A few states are in the process of challenging a federal rule that makes it difficult to build new roads through national lands, called the Roadless Rule.
But on Thursday, U.S. Sen. Maria Cantwell, D-Wash., and Rep. Ruben Gallego, D-Ariz., introduced legislation which could eliminate the possibility of an Alaska-specific exemption to the Roadless Rule.
Under the Roadless Area Conservation Act, the U.S. Department of Agriculture wouldn’t have the authority to grant that exemption.
Right now, the agency is on track to release a draft environmental impact statement this summer, including various options for road-building in the Tongass. An official decision is expected by 2020.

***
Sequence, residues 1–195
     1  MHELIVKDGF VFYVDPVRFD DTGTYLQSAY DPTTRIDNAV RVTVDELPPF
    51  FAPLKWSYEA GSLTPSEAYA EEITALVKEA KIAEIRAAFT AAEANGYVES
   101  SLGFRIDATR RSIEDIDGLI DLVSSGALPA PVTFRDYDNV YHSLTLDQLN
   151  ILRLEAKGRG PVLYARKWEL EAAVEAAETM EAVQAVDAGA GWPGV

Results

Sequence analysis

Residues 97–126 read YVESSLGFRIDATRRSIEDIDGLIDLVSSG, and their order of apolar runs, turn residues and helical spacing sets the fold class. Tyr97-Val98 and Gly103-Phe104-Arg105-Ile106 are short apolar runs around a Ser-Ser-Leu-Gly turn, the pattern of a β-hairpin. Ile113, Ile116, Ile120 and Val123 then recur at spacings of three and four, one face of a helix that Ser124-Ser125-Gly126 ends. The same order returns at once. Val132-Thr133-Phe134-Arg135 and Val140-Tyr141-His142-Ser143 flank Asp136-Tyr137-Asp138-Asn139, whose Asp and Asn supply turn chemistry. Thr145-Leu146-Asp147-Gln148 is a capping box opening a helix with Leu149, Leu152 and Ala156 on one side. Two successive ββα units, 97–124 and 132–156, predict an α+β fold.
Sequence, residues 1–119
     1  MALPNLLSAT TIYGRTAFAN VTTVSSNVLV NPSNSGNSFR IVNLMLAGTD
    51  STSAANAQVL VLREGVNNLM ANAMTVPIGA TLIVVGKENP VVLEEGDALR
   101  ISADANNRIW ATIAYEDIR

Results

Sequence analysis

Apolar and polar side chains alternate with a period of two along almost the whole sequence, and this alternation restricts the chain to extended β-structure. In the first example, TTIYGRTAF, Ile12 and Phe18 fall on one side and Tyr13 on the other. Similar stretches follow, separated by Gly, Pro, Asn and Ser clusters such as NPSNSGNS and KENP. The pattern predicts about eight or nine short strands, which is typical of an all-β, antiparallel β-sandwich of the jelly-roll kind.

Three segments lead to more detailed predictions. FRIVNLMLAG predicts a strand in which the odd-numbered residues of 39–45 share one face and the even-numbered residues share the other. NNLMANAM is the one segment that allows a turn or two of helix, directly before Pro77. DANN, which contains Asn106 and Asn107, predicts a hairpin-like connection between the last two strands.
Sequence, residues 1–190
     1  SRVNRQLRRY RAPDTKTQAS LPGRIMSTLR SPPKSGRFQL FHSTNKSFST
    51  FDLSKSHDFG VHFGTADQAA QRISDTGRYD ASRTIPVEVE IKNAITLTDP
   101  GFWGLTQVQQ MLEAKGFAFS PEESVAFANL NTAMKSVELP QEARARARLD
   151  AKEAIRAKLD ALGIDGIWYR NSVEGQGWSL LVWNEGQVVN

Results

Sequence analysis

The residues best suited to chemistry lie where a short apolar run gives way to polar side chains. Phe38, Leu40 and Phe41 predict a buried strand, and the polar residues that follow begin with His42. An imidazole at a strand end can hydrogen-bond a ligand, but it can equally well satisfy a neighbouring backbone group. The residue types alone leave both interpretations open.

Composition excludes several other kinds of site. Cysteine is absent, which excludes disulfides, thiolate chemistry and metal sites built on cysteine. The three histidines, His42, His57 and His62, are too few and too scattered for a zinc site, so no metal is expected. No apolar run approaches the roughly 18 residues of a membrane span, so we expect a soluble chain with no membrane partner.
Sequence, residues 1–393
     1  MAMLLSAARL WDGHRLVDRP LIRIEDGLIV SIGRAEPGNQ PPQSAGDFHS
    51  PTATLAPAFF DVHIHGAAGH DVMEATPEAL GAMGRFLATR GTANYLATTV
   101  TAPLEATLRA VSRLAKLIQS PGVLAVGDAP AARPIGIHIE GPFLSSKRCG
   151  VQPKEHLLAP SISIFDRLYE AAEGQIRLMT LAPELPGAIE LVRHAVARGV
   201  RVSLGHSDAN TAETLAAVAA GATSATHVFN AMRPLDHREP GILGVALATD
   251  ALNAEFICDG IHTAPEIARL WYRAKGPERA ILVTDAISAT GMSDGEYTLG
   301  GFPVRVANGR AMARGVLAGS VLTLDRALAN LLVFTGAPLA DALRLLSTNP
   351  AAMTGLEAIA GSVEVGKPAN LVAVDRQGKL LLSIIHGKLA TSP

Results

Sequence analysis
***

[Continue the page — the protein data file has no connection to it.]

It’s unclear how the new legislation will interfere with those plans. It still has to pass both the House and the Senate, where Murkowski chairs the Senate Committee on Energy and Natural Resources.
- A federal investigation into Monday’s fatal floatplane crash near Metlakatla has begun, and both victims have been identified.
- Rallies took place across the country Tuesday as abortion rights supporters spoke out against the recent passage of more restrictive legislation in several states.
- While a demonstration at BP's Denver headquarters was underway on Monday, the architect of a broader strategy to deter ANWR drilling was on a train, traversing the length of the United Kingdom.
- The city is looking into a new way to deal with properties that make frequent appearances on the police blotter.